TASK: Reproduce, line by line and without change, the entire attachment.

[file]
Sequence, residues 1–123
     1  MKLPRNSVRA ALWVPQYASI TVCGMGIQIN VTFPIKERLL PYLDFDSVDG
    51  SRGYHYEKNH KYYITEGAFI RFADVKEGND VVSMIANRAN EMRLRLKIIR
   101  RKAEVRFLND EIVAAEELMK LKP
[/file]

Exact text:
Sequence, residues 1–123
     1  MKLPRNSVRA ALWVPQYASI TVCGMGIQIN VTFPIKERLL PYLDFDSVDG
    51  SRGYHYEKNH KYYITEGAFI RFADVKEGND VVSMIANRAN EMRLRLKIIR
   101  RKAEVRFLND EIVAAEELMK LKP